This tutorial will show simple workflow for aligning short reads from Illumina HiSeq to human genome using Burrows-Wheeler Aligner. Aligning short read is mandatory step for performing more complex analysis, e. g. variant calling.
Before we perform any analysis we need to load our data. Galaxy offers a variety of different methods for importing input data. All data import tools are grouped in Get Data category in Tools side panel.
If you want to process your own data you can upload file form local disk or download data from Internet. See the Upload File tool in the Get Data section of the leftmost menu. In this example we will use data from 1000 Genomes Project. To download data first set file format to
fastqsanger and genome to
Most combo boxes support 'search as you type'
Copy and paste data file URLs into URL/Text text box ("Paste/Fetch data" button)
Set file format (Type) as fastqsanger [HINT: this is important, because galaxy will recognize all kinds of fastq files as generic fastq format. However, BWA require more specific fastqsanger format]
You could do it also later using "Edit Attributes" in your history Data/History window.
Pressing Start will schedule download of compressed FASTQ files from 1000 Genomes Project FTP. After downloading, Galaxy will automatically decompress FASTQ files.
If command execution was successful you will be presented with confirmation and two new items will appear in History side panel on the right edge of screen. Until scheduled jobs are complete, a history item background will be yellow.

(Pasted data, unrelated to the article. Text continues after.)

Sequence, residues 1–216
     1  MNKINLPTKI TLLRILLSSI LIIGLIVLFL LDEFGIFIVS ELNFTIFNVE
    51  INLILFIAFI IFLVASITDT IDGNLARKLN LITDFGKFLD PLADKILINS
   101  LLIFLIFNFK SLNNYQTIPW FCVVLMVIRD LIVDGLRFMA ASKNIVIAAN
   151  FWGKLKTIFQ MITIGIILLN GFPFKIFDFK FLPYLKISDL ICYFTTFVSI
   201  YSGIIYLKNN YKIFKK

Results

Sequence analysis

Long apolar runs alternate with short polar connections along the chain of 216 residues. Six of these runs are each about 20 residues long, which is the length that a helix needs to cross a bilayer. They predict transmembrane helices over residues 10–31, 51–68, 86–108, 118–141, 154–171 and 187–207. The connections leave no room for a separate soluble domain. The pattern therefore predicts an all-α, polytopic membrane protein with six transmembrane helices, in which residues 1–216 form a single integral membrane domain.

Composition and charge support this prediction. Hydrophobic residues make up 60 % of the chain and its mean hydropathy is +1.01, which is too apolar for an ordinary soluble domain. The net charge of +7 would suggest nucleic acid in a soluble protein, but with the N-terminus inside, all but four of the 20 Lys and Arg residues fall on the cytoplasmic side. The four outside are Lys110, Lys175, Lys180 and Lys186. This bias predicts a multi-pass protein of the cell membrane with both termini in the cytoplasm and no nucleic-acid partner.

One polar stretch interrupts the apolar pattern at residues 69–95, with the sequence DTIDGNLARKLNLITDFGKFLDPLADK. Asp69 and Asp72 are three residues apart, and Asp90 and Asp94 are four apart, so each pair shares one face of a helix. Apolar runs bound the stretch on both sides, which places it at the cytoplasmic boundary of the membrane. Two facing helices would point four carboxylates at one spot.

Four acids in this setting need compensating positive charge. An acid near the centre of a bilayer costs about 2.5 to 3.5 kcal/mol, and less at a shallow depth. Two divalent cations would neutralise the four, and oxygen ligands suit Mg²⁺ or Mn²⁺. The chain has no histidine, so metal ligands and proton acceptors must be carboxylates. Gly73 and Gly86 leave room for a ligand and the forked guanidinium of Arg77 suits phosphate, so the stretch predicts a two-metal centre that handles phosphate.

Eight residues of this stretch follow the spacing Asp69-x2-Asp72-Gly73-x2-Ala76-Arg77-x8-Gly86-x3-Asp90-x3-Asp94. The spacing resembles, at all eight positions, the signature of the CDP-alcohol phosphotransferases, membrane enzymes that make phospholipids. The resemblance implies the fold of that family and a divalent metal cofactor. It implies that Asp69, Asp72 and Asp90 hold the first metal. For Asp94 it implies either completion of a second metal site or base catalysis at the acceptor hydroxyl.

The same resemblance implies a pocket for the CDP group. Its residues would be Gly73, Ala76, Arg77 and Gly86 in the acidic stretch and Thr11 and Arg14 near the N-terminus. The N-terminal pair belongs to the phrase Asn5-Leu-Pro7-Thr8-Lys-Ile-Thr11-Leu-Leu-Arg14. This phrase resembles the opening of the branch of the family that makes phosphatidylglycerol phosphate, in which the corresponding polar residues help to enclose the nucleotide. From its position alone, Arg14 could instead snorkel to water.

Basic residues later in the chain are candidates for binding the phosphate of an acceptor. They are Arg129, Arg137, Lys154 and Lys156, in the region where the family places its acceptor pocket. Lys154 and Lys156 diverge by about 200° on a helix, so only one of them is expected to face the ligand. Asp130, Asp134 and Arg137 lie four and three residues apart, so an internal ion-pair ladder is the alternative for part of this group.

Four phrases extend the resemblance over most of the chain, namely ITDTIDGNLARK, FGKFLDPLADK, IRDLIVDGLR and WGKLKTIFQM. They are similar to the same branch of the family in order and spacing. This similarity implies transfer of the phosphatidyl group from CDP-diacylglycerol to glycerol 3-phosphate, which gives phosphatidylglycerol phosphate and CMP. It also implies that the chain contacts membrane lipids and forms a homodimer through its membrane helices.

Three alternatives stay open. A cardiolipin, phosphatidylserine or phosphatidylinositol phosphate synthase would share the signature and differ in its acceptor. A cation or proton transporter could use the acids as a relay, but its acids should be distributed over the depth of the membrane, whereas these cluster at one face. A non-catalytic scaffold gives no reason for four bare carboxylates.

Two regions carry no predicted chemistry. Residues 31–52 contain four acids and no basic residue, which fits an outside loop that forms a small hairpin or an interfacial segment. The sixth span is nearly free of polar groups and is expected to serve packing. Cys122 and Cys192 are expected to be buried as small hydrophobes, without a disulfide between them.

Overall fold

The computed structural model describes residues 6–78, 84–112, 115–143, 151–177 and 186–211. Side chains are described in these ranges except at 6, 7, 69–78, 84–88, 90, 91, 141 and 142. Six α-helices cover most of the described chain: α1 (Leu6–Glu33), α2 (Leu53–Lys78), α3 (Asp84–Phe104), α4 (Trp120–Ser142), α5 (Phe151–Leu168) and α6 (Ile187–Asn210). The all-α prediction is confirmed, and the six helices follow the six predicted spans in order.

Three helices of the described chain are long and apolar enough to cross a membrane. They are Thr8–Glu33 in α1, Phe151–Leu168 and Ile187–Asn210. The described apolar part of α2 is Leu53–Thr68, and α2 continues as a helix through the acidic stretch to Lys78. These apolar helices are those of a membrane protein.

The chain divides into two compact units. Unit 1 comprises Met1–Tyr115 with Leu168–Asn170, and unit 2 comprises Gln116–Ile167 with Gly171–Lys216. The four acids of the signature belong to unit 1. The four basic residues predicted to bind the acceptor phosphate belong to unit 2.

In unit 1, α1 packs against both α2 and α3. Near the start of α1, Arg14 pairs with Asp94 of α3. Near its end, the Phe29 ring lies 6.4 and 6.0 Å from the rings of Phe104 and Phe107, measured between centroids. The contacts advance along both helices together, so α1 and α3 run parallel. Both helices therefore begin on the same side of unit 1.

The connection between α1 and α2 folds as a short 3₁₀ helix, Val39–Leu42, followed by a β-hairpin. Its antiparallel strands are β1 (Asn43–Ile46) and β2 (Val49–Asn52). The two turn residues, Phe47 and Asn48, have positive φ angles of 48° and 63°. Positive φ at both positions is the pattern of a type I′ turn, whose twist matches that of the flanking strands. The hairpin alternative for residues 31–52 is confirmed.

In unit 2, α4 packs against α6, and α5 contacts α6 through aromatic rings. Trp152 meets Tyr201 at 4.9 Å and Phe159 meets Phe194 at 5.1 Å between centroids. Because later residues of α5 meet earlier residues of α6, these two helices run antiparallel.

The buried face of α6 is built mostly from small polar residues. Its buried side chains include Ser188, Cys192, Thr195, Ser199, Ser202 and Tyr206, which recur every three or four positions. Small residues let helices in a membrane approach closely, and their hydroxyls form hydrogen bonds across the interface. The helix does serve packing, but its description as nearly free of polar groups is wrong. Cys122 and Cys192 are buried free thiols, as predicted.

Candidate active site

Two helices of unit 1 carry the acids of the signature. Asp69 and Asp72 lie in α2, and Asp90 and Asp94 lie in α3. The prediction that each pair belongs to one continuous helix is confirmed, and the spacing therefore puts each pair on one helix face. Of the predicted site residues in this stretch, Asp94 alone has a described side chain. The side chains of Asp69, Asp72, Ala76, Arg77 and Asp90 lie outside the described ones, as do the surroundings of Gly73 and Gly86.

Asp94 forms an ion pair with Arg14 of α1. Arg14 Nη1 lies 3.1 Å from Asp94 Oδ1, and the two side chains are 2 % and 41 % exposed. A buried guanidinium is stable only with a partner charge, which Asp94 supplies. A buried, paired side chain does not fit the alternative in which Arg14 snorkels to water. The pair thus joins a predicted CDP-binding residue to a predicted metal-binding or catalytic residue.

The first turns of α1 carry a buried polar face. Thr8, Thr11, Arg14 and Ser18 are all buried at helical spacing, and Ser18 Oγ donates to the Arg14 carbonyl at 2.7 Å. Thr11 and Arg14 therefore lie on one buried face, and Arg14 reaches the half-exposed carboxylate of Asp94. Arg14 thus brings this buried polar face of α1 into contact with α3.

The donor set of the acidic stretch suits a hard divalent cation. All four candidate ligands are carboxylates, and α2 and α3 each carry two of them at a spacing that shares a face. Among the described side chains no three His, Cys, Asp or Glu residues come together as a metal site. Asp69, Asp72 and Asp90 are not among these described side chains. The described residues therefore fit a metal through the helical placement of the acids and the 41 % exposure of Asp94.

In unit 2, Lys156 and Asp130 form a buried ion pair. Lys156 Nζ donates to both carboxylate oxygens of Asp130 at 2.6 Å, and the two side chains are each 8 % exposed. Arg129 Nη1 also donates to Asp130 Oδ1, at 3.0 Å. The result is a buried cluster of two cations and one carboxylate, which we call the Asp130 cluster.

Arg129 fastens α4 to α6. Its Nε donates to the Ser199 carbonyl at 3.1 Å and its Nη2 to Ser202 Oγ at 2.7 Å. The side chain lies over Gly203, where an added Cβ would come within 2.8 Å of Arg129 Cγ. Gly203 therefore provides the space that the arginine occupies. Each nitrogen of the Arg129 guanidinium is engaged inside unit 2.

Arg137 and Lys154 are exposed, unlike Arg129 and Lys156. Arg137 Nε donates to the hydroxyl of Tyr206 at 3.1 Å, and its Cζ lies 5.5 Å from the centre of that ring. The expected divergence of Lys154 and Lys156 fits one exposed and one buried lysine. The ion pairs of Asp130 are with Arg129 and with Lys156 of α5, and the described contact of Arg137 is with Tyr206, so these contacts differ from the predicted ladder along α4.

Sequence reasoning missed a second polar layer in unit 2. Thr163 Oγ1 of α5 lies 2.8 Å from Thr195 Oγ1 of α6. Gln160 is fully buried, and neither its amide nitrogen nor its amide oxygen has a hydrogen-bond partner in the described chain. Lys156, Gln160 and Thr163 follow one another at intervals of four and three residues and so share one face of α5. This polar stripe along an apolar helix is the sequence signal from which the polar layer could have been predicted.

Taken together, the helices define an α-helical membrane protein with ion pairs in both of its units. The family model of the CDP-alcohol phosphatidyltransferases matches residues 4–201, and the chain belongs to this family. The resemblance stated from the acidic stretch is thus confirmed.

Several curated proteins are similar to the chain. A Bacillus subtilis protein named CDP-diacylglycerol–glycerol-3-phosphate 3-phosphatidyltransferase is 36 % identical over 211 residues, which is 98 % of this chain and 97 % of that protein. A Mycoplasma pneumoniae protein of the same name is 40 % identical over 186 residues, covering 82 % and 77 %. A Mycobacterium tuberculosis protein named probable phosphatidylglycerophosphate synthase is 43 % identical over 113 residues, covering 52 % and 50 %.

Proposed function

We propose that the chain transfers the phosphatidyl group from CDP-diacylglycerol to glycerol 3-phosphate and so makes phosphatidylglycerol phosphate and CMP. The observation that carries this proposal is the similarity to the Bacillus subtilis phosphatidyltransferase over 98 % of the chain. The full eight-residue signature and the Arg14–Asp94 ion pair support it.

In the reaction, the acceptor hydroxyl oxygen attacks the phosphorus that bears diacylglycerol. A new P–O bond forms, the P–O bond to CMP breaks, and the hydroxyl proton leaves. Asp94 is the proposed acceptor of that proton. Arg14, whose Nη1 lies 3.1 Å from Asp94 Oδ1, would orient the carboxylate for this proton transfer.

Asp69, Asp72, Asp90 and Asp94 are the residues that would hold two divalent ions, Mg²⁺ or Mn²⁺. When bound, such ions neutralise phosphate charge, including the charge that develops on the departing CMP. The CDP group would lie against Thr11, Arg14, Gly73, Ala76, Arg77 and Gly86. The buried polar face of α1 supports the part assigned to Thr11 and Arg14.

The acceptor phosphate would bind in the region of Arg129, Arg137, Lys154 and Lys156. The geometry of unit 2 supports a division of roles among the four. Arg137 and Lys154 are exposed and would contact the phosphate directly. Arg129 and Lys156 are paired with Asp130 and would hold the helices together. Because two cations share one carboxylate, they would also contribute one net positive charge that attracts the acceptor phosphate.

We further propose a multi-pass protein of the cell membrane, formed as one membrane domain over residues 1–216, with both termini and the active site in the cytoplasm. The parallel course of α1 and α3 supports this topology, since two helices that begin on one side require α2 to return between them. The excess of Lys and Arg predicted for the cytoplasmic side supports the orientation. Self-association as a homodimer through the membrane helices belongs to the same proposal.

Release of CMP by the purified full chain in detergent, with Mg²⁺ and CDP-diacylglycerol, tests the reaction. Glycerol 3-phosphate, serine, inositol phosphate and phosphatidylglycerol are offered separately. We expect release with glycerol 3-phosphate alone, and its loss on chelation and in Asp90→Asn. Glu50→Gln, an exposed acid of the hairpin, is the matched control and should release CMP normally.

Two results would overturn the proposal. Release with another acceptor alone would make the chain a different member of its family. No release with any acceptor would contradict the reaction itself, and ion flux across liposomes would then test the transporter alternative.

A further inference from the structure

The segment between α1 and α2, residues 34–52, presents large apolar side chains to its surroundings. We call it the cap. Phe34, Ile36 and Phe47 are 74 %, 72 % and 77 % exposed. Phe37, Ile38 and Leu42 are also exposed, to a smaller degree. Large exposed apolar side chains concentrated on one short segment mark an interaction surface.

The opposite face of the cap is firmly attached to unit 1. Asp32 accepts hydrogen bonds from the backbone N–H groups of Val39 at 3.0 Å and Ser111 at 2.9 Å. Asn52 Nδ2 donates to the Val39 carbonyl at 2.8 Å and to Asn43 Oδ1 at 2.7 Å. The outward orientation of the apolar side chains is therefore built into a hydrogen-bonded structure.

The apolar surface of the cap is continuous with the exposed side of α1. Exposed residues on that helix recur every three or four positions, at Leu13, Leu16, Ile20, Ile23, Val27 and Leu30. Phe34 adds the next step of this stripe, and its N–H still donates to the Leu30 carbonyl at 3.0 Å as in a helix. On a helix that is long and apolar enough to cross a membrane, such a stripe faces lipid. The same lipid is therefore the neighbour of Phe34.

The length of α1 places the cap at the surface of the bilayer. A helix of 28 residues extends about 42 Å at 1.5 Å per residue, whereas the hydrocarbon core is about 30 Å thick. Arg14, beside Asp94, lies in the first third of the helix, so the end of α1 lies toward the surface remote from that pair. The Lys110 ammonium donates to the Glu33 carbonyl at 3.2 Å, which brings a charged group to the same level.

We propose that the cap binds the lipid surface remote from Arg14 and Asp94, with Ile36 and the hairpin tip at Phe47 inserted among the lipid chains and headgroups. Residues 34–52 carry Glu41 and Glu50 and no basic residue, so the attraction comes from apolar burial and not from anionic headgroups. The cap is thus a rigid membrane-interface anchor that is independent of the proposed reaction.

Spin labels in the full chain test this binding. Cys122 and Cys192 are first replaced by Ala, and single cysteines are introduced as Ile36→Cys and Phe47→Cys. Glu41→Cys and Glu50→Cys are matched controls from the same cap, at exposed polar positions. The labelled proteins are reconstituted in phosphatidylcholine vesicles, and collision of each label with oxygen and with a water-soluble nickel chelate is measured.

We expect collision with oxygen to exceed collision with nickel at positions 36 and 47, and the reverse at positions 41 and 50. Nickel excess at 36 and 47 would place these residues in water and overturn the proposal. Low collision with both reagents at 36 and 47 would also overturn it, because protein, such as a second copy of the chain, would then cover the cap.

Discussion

Upon completion, a history item background will turn green (if everything worked properly) or red (in case there was an error and the job failed).
Downloading data for this tutorial from the 1000 Genomes Project page can take a few minutes. Galaxy was designed to enable easy collaboration between its users. The most important feature to enable such collaboration is sharing of data and analysis workflows. These features can be accessed by clicking the Shared Data drop down menu on top navigation bar. Instead of downloading data from Internet we can load it quickly using Published Histories.
Click history name to display more information.
Publish history can be imported by clicking Import history button above history title.
On success you will see confirmation message. To display imported history press Galaxy logo in top left corner.
Before using data we must evaluate quality of reads. QC allows us to detect poor quality reads or other characteristics of our data and act accordingly.
For each FastQ file we must execute FastQC:Read Quality Reports from category NGS: QC and manipulation.
Quick search at the top of tools pane allow to access all tools by typing tool name
To use FastQC you must pick input file and press Execute. It is a good practice to set title of resulting history item, e. g. 'FastQC Read 1'. It makes history easier to read
To view FastQC report press eye icon located next to history item name
FastQC report for read 1:
FastQC report can be used to asses quality or our data and troubleshoot common problems. Per base sequence quality graph shows that most bases of our reads have quality higher than Q30 which means our we have high quality reads.
Large differences in sequence content between bases at the beginning of the read suggest untrimmed barcodes.
One of the most popular short reads mapper is Burrows-Wheeler Aligner. BWA provides three alignment algorithms. BWA-backtrack is for Illumina reads up to 100bp, while BWA-SW (based on Smith–Waterman algorithm) and BWA-MEM (Maximal Exact Matches) are for longer sequences: 70bp to 1Mbp. Tool available in Galaxy is using BWA-MEM.
Using BWA is very simple and requires two parameters. First parameter is the name of reference genome we are aligning our reads to - it is used to determine name and location of appropriate index file. Second parameter is the name of input file. If we are aligning pair end reads, as in this example, we need to provide names for file with forward reads (usually file name with _1, r1 or equivalent in it) and reverse reads (e. g. _1, r1, etc.).
Mapping reads to reference will yield single BAM file containing both forward and reverse reads with mapping information.